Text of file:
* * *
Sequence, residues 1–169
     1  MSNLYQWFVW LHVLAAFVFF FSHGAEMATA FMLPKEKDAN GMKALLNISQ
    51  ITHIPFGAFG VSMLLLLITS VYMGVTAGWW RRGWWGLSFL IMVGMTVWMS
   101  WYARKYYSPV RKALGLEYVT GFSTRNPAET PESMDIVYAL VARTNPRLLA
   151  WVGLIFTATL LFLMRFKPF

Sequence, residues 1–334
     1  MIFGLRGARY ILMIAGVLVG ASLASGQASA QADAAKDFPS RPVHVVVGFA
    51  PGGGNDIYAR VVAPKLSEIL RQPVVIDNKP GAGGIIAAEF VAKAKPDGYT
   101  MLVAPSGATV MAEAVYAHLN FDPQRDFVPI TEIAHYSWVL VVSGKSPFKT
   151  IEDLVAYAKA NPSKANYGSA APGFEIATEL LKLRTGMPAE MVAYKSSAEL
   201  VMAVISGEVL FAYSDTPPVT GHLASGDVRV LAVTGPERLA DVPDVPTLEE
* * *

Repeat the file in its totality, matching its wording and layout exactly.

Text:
Sequence, residues 1–169
     1  MSNLYQWFVW LHVLAAFVFF FSHGAEMATA FMLPKEKDAN GMKALLNISQ
    51  ITHIPFGAFG VSMLLLLITS VYMGVTAGWW RRGWWGLSFL IMVGMTVWMS
   101  WYARKYYSPV RKALGLEYVT GFSTRNPAET PESMDIVYAL VARTNPRLLA
   151  WVGLIFTATL LFLMRFKPF

Sequence, residues 1–334
     1  MIFGLRGARY ILMIAGVLVG ASLASGQASA QADAAKDFPS RPVHVVVGFA
    51  PGGGNDIYAR VVAPKLSEIL RQPVVIDNKP GAGGIIAAEF VAKAKPDGYT
   101  MLVAPSGATV MAEAVYAHLN FDPQRDFVPI TEIAHYSWVL VVSGKSPFKT
   151  IEDLVAYAKA NPSKANYGSA APGFEIATEL LKLRTGMPAE MVAYKSSAEL
   201  VMAVISGEVL FAYSDTPPVT GHLASGDVRV LAVTGPERLA DVPDVPTLEE